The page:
Advice for a beginning music teacher from an expert

Advice for a beginning music teacher to restore your confidence

Have you been asked to teach an early childhood program?  Are you freaking out?  Take a deep breath and read on – this is quick and painless:

 advice for a beginning music teacher

Holly at Brompton

#1. Chill out 

Most importantly, chill out, relax, trust yourself and trust those kids.  After all, you love music, they love music and so you have a lot in common.  Remember that you have something wonderful to offer because no-one can run music sessions more convincingly than a music teacher – it’s your job.  If you are relaxed, and get down on the floor to their level, you will soon have them eating out of your hand. Hey, you were once a musical little kid yourself!



advice for a beginning music teacher

Michael and Mark

#2. Mentor me please

Get a mentor.  Organise an ongoing professional conversation with an expert, even if it’s by email or through a forum.  This person need not be a music educator but s/he will know about how to engage and manage very young children.  If possible, watch her/him in action, ideally with the very children you are going to teach.  If not possible, then watch some other experts working well with this age.  Tell him/her your fears and share your delights.


advice for a beginning music teacher

Music Curriculum for 3-5 year olds

#3. Read all about it

Research.  Read books, journal articles and other academic papers.  Investigate website, especially blogs written by practising professionals.  Be a little wary of some social media posts, videos and pin-boards as persistent errors can be passed around just as easily as can good advice. Go to your trusted music teachers’ associations where you can find links to sub-branches devoted to early childhood music.  Here’s a link to the Early Childhood Music Education Commission for the International Society for Music Eduction -ISME.  And here’s a link to a free excerpt from my Sing and Play 1 Educator’s Book.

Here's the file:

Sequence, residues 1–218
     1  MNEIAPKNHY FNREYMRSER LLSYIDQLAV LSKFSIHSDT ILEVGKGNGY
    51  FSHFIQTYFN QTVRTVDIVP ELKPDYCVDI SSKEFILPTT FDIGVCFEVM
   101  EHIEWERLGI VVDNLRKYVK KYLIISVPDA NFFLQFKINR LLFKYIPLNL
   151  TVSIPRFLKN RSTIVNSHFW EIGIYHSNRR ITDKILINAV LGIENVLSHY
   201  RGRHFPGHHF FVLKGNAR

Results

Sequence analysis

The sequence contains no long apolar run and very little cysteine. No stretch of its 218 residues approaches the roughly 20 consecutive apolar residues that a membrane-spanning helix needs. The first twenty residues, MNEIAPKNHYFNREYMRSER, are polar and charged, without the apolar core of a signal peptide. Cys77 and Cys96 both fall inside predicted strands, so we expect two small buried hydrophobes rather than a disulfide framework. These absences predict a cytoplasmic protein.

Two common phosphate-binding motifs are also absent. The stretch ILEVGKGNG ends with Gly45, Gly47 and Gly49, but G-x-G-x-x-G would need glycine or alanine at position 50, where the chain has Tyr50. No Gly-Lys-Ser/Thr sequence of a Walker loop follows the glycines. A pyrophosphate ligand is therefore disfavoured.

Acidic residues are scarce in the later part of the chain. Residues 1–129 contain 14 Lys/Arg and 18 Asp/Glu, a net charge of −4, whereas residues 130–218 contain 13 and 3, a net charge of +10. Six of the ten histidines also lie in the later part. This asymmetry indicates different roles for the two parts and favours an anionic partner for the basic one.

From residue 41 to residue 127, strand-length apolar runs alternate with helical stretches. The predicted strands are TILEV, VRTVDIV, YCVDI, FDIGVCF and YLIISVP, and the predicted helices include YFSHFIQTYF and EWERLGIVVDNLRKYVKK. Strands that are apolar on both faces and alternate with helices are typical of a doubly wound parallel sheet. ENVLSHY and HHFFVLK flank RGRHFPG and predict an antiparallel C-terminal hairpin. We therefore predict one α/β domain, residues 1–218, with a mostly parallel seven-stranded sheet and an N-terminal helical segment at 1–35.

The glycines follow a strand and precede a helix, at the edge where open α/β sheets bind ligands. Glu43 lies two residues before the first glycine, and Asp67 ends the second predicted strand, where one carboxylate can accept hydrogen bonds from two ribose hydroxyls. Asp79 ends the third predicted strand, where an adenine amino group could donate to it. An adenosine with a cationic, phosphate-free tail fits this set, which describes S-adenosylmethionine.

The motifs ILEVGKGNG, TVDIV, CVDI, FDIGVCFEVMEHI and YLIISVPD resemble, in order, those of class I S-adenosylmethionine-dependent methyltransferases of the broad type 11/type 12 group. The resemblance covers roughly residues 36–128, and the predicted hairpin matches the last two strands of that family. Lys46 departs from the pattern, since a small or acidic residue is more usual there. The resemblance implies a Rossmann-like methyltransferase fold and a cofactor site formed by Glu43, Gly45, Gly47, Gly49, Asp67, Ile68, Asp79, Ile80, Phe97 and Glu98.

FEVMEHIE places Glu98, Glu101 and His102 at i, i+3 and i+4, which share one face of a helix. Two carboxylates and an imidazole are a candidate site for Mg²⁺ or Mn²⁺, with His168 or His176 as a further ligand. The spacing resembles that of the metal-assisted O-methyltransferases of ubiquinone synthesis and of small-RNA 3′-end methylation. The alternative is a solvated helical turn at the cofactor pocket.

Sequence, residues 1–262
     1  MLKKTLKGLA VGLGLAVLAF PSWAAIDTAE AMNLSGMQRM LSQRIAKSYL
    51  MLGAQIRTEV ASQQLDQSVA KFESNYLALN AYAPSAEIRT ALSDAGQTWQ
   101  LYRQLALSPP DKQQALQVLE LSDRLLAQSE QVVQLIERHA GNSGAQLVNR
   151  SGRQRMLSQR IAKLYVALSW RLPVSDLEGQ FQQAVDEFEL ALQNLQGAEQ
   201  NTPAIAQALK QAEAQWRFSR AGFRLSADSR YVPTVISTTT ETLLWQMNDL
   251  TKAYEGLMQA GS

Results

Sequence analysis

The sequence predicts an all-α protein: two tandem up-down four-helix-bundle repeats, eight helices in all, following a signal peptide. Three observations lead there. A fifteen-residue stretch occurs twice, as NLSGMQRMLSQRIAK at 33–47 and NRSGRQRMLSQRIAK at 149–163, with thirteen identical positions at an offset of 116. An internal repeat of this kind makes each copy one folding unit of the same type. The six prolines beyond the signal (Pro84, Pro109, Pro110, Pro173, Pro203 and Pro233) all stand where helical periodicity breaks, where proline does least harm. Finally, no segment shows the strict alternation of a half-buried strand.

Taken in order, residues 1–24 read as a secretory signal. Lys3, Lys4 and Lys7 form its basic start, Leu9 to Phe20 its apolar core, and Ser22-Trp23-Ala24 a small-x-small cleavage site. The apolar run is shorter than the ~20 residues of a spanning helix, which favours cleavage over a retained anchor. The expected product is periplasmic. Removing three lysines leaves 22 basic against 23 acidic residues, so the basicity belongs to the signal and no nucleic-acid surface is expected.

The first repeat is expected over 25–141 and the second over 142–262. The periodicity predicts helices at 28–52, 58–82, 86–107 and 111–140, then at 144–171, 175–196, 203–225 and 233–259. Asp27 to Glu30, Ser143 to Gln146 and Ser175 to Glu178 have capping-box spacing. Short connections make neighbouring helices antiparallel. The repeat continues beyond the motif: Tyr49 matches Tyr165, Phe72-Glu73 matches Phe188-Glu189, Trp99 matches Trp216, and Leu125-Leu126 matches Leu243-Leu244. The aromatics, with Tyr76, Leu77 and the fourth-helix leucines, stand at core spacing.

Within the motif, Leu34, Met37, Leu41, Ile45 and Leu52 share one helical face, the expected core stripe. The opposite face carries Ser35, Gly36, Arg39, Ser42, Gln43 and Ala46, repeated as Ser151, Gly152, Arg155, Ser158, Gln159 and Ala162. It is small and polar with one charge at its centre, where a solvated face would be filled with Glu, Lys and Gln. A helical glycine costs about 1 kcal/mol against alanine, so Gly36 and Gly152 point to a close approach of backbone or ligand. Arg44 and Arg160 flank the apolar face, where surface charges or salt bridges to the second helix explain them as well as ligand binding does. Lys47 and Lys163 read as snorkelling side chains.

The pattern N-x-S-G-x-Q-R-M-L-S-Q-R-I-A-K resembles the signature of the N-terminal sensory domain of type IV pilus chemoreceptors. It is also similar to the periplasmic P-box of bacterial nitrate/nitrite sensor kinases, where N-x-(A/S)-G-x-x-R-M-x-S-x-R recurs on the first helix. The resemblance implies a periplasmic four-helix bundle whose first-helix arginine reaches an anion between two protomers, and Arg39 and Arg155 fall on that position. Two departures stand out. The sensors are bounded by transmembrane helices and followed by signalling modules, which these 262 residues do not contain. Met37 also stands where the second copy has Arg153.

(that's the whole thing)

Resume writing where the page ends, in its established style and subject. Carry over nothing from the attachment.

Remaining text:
That’s it – a little bit of good advice for a beginning music teacher! Good luck. You might find that you love it and you’ll be looking forward to working with your youngest students as the best part of your working week.  To save hours and hours of preparation time, look for our recommended preschool music lessons at Musical Child.

advice for a beginning music teacher

Lesson Plan for 3-5 year-olds Beautiful Farm

How to program preschool music lessons

program preschool music

A simple way to program preschool music for 10 weeks

So maybe you’ve got a new job teaching preschoolers music and you’ve got to submit something in writing to the powers that be.  Writing a program of music lessons for a term or a year can be a pretty soul-less task. You might have write it even before you meet the children you will be educating!  Maybe having to program preschool music is something you’re dreading, especially if you have little or no experience in preschool music teaching.

A simple way – just two little words

Before you plan anything, repeat after me, “free play is essential” so make sure you implement opportunities for musical free play to happen frequently, even if you’re not there when it’s going on.  Now we’ve got that clear, let me suggest a simple way to start thinking about programming music lessons for young children.   Spend your efforts on these two words, content and activities.

Content has soul and substance and can be many things: a song- The Farmer in the Dell, or a chant – We’re Going on a Bear Hunt, or a piece of music – Henry Mancini’s Baby Elephant Walk or a story book – I Know an Old Lady Who Swallowed a Fly.

Great content usually has a title, is inherently musical and captures their interest straight away.

Activities can be many but here are a few that are tried and true: body percussion – clap your hands, pat your knees, hand jive, or a dance – moving different body parts in Dr. Knickerbocker, or playing rhythm instruments in an animal sound game – I Had a Rooster, or a finger play – hiding and revealing separate fingers in Where is Thumbkin? or acting out characters in a drama game –  Monkeys on the Bed.

Great activities keep them listening to the music long enough for them to learn what the music has to teach them.